There are 47 species of Lavandula, but the four that many gardeners would be familiar with are L.angustifolia, L.dentata, L.pedunculata and L.stoechas. All four are native to various countries within the Mediterranean region, which includes Croatia, France, Greece, Italy, Lebanon, Morocco, Spain and Turkey.
Also worth a mention is Lavandula x intermedia (Lavandin), which is a naturally occurring sterile hybrid of L. latifolia and L. angustifolia. This plant yields much greater volumes of oil than L. angustifolia, but is higher in the camphoraceus components. Lavender oil is produced mainly from the aromatic and edible lavender, L. angustifolia.
When it comes to common names, the terms are imprecisely applied and what one person knows as ‘French’ lavender, another swears black and blue is ‘Spanish’ lavender! L.dentata is referred to as ‘French’ and ‘Spanish’ lavender, L.stoechas is referred to as ‘French’, ‘Spanish’, ‘Italian’ and‘topped’ lavender while L.pedunculata is referred to as French Lavender. L.angustifolia, however, is always referred to as English Lavender and is considered the ‘true’ lavender. Confused, much?!
If you’re looking at it from the perspective of where the plant originates, then the common names for L.dentata and L.stoechas are all correct as both come from all over the Mediterranean; while the common names for L.angustifolia and L.pedunculata are incorrect as L.angustifolia comes from Spain, France, Italy and Croatia (not England!), while L.pedunculata comes from Morocco and Turkey! The discrepancies make sense when you realise that for centuries lavenders have been cultivated in, and become associated with, different countries to where they originated.
Being able to identify the different varieties and getting to know their qualities makes the process of choosing plants for the garden easier. From a hardiness perspective there are four types: (including L. angustifolia and L. x intermedia), which are hardy in most climates, but require a cold period to flower well, so aren’t as reliable in the tropics and subtropics. cope with all but extremely cold winters, so do well in most Australian gardens. Species include L. stoechas, L. pedunculata and L. latifolia. tolerate some frost and include L. lanata, L. viridis, L. dentate and L. x heterophylla. , such as L.canariensis and L. rotundifolia suffer when the temperature drops to freezing, and will succumb if bitten by Jack Frost!
An ‘easy’ way to identify different lavenders is to remember that L.dentata varieties have serrated leaves and L.stoechas and L.pedunculata varieties have brightly coloured bracts or wings at the top of each flower.
Above all else, the three essential prerequisites for growing lavender successfully are full sun (seven hours +), free-draining soil and good pruning.
To increase the amount of light, apply a mulch such as crushed quartz that will reflect light back into the foliage.
Lavenders can be grown all over Australia, including coastal locations, except the tropics. They need hot, dry summers and dry winters. Often it is wet soil in winter that kills lavenders rather than frost. They’re best planted in a north-facing area.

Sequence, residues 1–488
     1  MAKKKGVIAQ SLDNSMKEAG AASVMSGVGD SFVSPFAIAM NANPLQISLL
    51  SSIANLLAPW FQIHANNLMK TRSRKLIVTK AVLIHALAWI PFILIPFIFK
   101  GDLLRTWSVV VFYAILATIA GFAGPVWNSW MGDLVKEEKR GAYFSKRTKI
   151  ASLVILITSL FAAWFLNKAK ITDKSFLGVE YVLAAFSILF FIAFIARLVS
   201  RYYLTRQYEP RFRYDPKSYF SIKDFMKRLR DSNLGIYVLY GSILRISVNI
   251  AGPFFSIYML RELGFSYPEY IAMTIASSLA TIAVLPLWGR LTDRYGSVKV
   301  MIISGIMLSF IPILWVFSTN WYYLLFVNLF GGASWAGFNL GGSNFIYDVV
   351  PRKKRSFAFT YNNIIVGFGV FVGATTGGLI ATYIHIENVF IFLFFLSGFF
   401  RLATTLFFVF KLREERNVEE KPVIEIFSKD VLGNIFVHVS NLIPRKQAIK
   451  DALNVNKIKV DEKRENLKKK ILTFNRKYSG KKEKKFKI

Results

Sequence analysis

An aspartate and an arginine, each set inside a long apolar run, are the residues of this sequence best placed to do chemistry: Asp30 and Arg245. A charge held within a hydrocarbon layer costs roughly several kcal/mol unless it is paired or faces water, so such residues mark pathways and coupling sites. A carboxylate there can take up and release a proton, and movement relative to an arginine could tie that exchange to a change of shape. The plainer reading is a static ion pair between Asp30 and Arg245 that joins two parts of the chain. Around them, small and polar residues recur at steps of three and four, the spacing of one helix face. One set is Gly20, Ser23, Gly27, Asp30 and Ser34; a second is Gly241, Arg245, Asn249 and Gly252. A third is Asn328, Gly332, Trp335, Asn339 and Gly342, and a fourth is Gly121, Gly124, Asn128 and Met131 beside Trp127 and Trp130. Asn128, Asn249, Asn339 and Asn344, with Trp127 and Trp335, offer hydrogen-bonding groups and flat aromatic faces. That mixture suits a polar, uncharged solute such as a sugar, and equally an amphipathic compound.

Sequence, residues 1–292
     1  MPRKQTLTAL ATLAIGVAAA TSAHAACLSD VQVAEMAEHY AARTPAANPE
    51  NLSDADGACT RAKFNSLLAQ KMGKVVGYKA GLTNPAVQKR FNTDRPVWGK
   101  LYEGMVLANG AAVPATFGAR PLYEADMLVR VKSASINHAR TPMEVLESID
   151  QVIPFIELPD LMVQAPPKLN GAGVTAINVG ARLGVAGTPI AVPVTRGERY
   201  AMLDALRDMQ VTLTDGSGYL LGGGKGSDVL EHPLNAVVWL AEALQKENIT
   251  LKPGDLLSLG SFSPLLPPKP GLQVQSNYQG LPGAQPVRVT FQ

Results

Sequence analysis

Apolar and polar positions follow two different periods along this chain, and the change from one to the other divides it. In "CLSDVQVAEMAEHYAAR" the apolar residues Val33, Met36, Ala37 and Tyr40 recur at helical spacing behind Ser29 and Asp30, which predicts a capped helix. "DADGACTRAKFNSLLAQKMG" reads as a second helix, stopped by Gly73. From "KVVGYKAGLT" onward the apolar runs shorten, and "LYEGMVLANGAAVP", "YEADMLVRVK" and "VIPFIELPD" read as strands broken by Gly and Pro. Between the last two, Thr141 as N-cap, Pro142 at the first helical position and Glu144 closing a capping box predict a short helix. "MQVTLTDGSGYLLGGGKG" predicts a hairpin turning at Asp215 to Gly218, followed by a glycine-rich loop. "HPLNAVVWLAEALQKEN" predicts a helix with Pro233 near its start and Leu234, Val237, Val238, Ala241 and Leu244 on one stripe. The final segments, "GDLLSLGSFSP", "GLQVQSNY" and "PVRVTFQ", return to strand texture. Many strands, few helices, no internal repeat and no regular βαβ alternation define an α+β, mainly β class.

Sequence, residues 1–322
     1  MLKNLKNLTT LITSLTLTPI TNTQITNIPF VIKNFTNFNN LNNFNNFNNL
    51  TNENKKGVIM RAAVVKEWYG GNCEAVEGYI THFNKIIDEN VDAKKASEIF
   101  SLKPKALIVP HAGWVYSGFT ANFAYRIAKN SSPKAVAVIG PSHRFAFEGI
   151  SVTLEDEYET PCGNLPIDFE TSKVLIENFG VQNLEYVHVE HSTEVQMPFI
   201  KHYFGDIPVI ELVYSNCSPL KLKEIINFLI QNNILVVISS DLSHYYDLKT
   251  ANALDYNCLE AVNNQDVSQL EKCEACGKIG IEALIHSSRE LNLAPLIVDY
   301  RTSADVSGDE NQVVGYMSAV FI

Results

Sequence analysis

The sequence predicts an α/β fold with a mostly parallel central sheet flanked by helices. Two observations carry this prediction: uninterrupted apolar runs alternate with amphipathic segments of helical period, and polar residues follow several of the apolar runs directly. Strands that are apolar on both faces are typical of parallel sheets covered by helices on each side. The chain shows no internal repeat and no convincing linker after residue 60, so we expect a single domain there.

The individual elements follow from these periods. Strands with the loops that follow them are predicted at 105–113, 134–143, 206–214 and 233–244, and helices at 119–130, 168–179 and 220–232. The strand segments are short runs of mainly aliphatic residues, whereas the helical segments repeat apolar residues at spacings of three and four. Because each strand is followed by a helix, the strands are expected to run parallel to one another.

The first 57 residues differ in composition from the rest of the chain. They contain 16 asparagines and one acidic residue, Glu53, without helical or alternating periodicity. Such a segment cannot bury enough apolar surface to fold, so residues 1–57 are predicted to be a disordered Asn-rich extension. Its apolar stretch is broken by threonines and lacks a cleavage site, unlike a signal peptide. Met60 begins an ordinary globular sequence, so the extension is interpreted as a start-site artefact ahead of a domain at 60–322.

When established, many lavender varieties tolerate frost and snow. In cold climates, positioning lavender close to brick, stone or concrete buildings or fences affords some protection.
Other than L. x intermedia that can grow quite large, lavenders grow well in containers. Use unsealed terracotta pots because they dry quickly. Raise pots off the ground to ensure excellent drainage and, most importantly, only water when they’re dry. It’s better to increase container size as the plant grows, rather than planting a small plant into a large pot. Plant only one plant per pot.
Lavenders make excellent hedges and look gorgeous in rockeries and in pots in courtyards and on verandahs. They work well with other Mediterranean plants such as rosemary and sage, or as part of a mixed herbaceous bed.
Lavender requires a neutral to alkaline pH, but L. x intermedia will grow in slightly acidic soil. For soils with a pH of under 5 add lime, for those above 5 add gypsum.
Plant lavender in well-drained soil or mounds.
For clay soils dig through gravel and/or organic matter such as compost or well-rotted animal manure. For sandy soils, dig through organic matter to a depth of 20-30cm.
Lavenders are pruned for two reasons: To promote healthy growth and produce plants that can cope with pests, diseases and adverse weather; and to create a well-shaped, compact plant.
Tip pruning when young creates a dense, nicely shaped shrub. To ensure the plant’s energy goes into growth alone, remove its flowers until the plant is 10cm high.
For Hardy and Frost-hardy lavenders prune two-thirds of the plant when the flowers lose their colour. Spring pruning is acceptable if you missed the autumn prune; in this case, prune back to small shoots on the stem. L x. Intermedia cultivars bloom later and only the flower stalks should be removed after flowering and the hard pruning carried out in spring.
Half-hardy lavenders should be pruned hard after the flowers first appear in spring, taking them back to small shoots on the stem. Deadhead for the remainder of the flowering period.
Tender lavenders mostly require dead-heading only through the year, with an occasional hard prune to keep their shape;
Lavender responds well to pruning and is very popular with topiary enthusiasts.
Lavenders don’t require much fertiliser, but as they evolved on soils with high levels of calcium and magnesium developed the need for greater amounts of these nutrients than most plants. Sprinkle dolomite around the plant after pruning to encourage flowering, and use a high nitrogen fertiliser after flowering.
Apply Seasol and Powerfeed regularly to keep plants healthy and performing at their best.